WASHINGTON, D.C. – The Lawyers’ Committee for Civil Rights Under Law (Lawyers’ Committee) applauds today’s release of the U.S. Department of Housing & Urban Development’s (HUD) final “Affirmatively Furthering Fair Housing” regulation. The duty to affirmatively further fair housing is an important provision of the 1968 Fair Housing Act designed to promote the primary goal of the Act – residential integration and all of the opportunities such integration brings to communities. The regulation provides clear guidance to recipients of federal housing funds on their responsibility under this provision of the Act to promote residential integration. The Lawyers’ Committee expects that the regulation will result in higher quality fair housing planning and concrete action to foster inclusive communities and access to opportunity. Implementation of the duty to affirmatively further fair housing has long been a high priority for the Lawyers’ Committee.
The fair housing planning process in the new regulation replaces earlier fair housing guidance. Over the 20-year period that this guidance has been in place, it has failed to provide a workable tool for fair housing planning that fosters residential racial and ethnic integration. The new requirements set forth in the regulation provide more clarity as to what is required to comply with this important provision of the Fair Housing Act and promise reinvigorated emphasis on the primary goal of the Act.
“The finalization of the Affirmatively Furthering Fair Housing regulation is a critical step toward the realization of the Fair Housing Act’s vision of open, inclusive communities,” said Diane Glauber, co-director of the Lawyers’ Committee’s Fair Housing & Community Development Project. “For far too long, the investment of federal housing funds has perpetuated the segregated status quo.”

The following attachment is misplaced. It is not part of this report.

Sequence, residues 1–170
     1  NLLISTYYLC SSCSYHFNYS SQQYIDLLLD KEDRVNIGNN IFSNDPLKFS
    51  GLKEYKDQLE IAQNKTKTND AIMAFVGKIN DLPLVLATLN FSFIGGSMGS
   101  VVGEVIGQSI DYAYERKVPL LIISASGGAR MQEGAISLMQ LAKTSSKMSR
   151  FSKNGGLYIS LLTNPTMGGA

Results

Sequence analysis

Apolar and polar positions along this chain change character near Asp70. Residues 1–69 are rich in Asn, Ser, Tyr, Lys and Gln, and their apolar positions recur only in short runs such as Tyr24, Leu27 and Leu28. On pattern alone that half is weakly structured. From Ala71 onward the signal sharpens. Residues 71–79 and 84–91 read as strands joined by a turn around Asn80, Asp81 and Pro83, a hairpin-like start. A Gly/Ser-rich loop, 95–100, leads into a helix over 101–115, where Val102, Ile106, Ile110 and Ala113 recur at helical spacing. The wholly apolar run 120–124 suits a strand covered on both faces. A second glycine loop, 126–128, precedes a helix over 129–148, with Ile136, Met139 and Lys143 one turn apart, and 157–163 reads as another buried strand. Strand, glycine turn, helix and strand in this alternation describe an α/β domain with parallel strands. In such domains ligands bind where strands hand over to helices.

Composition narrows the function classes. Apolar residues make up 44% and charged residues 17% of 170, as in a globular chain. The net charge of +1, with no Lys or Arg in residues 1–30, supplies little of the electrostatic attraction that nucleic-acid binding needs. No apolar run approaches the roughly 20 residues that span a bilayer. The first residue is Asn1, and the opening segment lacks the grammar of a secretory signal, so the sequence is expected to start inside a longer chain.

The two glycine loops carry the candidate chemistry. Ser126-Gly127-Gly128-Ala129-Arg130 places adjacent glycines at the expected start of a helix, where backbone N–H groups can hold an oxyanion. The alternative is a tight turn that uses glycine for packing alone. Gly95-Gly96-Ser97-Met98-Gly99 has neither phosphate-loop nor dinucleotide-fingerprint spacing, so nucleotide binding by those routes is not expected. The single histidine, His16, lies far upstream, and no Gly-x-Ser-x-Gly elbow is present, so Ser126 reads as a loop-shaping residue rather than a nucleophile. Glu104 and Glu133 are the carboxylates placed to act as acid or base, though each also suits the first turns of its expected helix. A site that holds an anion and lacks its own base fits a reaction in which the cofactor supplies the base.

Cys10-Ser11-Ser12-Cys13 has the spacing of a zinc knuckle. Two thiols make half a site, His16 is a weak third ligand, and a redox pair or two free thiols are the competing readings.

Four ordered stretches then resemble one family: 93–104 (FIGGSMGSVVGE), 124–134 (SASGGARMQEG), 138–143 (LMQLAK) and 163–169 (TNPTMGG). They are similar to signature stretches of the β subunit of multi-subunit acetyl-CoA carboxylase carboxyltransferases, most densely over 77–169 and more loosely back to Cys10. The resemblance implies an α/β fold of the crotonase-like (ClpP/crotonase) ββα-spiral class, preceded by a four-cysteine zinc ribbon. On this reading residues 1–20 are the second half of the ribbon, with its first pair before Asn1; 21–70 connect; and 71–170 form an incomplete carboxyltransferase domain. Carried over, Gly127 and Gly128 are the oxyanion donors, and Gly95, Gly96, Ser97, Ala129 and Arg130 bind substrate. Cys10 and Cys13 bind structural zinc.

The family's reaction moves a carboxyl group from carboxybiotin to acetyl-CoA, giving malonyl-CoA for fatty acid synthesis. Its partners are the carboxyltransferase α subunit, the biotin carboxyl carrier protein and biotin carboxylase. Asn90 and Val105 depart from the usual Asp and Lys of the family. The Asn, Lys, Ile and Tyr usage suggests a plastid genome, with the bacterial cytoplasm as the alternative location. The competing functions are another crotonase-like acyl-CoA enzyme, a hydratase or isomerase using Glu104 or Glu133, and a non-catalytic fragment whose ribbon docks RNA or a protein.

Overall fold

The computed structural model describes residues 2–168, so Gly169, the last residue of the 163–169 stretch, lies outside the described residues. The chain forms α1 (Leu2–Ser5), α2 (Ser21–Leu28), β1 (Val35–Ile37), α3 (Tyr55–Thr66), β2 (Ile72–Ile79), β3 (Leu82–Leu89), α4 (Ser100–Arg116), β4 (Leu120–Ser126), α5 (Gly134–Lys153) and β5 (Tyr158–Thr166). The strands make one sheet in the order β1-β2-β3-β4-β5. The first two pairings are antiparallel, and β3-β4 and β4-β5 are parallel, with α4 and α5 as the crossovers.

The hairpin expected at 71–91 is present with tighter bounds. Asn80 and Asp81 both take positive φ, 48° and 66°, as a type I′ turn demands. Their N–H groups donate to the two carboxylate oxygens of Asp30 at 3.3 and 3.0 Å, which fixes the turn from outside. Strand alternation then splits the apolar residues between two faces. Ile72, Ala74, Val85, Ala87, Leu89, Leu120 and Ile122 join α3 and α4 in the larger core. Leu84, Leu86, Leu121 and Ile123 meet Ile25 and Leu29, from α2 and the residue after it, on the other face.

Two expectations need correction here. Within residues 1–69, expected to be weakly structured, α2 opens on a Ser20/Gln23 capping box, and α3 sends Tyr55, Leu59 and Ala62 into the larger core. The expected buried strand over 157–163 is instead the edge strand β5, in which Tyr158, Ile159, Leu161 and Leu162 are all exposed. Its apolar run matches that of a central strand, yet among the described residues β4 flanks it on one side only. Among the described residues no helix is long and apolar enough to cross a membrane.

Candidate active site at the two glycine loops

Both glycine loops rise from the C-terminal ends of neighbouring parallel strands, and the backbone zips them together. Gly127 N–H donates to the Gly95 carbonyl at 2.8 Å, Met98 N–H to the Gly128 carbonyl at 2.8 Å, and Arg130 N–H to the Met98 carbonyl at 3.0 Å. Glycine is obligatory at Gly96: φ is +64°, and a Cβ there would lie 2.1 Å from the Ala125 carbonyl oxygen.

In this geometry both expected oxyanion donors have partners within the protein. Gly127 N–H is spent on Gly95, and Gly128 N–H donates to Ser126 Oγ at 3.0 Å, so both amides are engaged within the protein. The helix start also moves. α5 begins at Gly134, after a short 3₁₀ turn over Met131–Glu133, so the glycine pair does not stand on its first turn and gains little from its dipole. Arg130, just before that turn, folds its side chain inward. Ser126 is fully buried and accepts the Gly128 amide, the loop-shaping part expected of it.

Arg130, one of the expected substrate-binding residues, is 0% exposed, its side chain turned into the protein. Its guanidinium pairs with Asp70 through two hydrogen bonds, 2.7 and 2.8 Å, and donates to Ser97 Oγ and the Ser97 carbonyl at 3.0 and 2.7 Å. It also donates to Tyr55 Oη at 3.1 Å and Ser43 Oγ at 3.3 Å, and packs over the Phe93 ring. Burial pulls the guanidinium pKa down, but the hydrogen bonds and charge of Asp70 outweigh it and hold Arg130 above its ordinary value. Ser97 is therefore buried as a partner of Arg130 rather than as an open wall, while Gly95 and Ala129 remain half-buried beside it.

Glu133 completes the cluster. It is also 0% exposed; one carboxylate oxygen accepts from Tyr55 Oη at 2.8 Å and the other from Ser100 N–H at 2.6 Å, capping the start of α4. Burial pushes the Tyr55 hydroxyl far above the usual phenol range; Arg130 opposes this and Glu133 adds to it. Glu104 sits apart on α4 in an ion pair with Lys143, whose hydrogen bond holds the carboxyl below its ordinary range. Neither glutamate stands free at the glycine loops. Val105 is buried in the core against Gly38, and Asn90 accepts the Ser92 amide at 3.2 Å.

In recent years, the Lawyers’ Committee has made the affirmatively furthering fair housing requirement an important part of its fair housing work. It has worked to facilitate local community participation in the fair housing planning process and is currently engaged in efforts to improve the quality of the municipal fair housing planning by providing training and consultation to local jurisdictions. This work has also included oversight and enforcement activities. The publication of the regulation provides added impetus to these activities, especially those designed to provide advice and training to jurisdictions about the new requirements in the regulation.
“Although smart planning is important to realizing the goals of the Fair Housing Act, a plan is only worth so much if it is not implemented,” said Joseph D. Rich, co-director of the Fair Housing & Community Development Project. “The Lawyers’ Committee remains steadfast in its commitment to ensuring compliance with the duty to affirmatively further fair housing through administrative enforcement and litigation, when appropriate.”